Working for birds in Africa


Mon, 21/01/2013 - 13:41 -- abc_admin

Mauritania is party to several international agreements including conventions on Biodiversity, Climate Change, Desertification, Endangered Species and Wetlands.

There are a large number of environmental issues such as overgrazing, deforestation and soil erosion which aggravated by drought contribute to desertification; fresh water is very limited away from the Senegal, the only perennial river.

The Banc d’Arguin National Park has a committed staff, and there are plans underway to develop and implement an ornithological ecotourism strategy, which will offer enhanced opportunities for birdwatching and also bird conservation in this park. The coastal flats regularly support around 2 million migratory waders. Although there appear to have been some fluctuations in numbers of waders present, the site remains of prime importance for several species of wader. There are specific laws that aim to protect the park and its natural resources.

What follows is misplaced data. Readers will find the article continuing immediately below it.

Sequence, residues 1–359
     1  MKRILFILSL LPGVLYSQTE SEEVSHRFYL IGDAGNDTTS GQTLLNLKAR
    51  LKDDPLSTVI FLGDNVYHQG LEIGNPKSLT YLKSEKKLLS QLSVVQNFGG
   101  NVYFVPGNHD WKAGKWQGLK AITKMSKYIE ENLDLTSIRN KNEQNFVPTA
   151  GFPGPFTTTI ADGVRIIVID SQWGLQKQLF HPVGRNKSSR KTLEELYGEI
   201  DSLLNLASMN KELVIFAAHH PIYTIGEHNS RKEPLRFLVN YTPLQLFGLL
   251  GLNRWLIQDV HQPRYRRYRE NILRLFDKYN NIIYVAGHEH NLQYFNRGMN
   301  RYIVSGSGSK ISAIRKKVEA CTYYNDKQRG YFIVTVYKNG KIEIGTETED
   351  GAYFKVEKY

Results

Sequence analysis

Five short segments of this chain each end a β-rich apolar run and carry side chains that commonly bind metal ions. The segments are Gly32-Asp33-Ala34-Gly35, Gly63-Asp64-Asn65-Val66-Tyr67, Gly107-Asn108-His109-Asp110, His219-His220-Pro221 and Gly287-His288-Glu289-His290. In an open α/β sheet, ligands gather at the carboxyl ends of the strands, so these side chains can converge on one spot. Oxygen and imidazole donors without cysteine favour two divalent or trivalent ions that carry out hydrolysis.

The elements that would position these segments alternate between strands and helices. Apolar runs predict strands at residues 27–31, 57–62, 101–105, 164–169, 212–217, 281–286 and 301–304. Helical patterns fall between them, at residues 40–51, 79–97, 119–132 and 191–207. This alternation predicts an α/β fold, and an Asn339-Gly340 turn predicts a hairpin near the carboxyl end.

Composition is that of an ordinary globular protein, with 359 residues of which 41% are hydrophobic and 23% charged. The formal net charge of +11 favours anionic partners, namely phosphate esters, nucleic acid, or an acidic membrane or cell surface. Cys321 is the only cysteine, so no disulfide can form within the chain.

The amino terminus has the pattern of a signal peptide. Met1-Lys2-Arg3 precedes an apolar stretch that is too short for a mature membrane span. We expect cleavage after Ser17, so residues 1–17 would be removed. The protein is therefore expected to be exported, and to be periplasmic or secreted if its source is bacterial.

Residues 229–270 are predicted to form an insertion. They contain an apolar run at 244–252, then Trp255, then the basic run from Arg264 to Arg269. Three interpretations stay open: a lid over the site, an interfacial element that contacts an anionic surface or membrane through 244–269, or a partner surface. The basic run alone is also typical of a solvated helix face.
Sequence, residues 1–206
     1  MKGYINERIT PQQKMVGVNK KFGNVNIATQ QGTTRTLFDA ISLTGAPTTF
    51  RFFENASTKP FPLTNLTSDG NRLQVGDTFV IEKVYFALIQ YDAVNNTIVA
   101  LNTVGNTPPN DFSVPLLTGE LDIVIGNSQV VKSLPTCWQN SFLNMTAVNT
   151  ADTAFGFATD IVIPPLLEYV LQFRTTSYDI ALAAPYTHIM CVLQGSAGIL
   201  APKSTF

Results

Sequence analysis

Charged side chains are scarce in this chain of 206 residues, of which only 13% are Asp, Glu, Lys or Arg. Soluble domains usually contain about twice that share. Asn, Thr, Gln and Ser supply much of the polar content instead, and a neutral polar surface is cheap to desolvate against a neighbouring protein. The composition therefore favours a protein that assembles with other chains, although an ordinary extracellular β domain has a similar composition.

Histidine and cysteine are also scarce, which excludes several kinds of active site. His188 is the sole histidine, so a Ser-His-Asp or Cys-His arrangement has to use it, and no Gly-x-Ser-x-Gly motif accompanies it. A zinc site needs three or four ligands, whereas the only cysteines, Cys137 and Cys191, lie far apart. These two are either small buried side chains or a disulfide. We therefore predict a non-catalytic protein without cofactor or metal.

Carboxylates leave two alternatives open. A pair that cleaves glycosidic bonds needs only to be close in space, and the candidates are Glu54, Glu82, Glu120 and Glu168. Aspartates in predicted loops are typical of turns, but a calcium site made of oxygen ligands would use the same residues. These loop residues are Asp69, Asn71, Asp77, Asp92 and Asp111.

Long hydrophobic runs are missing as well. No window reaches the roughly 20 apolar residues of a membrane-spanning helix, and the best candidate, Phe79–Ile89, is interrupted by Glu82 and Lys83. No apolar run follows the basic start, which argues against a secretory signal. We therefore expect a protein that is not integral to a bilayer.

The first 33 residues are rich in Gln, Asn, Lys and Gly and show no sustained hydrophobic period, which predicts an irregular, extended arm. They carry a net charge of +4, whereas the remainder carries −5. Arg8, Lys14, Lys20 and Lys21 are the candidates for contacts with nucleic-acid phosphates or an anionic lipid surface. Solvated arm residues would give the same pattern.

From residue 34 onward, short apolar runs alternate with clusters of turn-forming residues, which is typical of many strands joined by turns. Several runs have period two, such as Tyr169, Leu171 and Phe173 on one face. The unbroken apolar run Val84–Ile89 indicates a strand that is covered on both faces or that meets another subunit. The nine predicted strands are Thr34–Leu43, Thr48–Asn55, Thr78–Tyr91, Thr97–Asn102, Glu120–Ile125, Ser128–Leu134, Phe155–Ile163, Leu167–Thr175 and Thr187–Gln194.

Lac d'Aleg is a semi-permanent wetland 250 km south-east of Nouakchott, 70 km from the Senegal River which has 4,300 ha of wetland - see section on IBAs. The area is now over-grazed and the water level is to be managed for cultivation. The fear is this will go as did Lac Rkîz which is now a tiny area of uninteresting swamp.

Mauritania plays an internationally important role in the productivity of marine fish, and thus in the economy of several West African countries. However, several fish species have been over-exploited, including sharks, rays and sawfish, and the whole ecology of the coastal area is threatened by industrial offshore fishing and the development of petrochemical exploration.

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